It can be hard to know where to start if you’re interested in learning about robotics. You want something simple enough to not be overwhelming, but with enough versatility and capability to provide the depth for real learning. That’s particularly true if you want to learn about more complex kinds of designs, such as self-balancing robots. That’s why Mike Moore created Bobble-Bot, which is a self-balancing robot designed specifically to help teach RTLinux and ROS running on a Raspberry Pi.
Bobble-Bot looks a bit cobbled-together and doesn’t have the polished appearance of many other robots, but that’s part of its charm. There aren’t any mechanical parts or electronic components present that don’t need to be there. That keeps the costs low, reduces complexity, and lets you focus on what is important: control. In this case, a lot of that control is focused on the self-balancing capability. Keeping the robot upright requires a constant loop of reading sensors and responding quickly to their feedback.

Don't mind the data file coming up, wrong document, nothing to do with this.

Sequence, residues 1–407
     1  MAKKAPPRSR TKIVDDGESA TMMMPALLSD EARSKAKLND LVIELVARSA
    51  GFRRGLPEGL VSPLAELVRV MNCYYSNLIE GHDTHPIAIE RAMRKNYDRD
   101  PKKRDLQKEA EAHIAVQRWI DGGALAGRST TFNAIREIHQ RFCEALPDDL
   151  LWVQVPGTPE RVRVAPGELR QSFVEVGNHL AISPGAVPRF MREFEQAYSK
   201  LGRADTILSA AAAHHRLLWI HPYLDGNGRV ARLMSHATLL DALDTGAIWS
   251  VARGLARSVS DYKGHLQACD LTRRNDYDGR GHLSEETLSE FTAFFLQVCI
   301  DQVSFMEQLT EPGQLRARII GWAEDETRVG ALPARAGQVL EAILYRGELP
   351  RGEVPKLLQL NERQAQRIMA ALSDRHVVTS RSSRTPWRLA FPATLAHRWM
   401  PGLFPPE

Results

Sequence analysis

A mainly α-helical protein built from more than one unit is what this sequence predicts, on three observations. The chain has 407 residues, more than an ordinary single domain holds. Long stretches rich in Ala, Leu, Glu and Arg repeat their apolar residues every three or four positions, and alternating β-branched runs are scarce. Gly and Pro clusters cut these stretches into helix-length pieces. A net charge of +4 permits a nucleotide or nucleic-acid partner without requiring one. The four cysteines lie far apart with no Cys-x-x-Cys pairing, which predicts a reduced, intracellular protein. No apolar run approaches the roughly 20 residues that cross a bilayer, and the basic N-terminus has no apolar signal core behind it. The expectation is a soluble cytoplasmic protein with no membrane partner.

While there are many ways you can control a robot, Bubble-Bot is intended to be used with Robot Operating System (ROS) running on top of Real Time Linux (RTLinux) on a Raspberry Pi single-board computer (SBC). The mechanical parts can be 3D-printed, and all of the electronic components are readily-available online. Those include brushless DC motors, a Chupacabra BLDC motor driver, and a Raspberry Pi 3 Model B+. There is a Bobble-Sim available for experimentation, and many opportunities for customization and future development. If you’re looking for a way to learn about self-balancing robots, this is an affordable way to get started.
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Author: Cameron Coward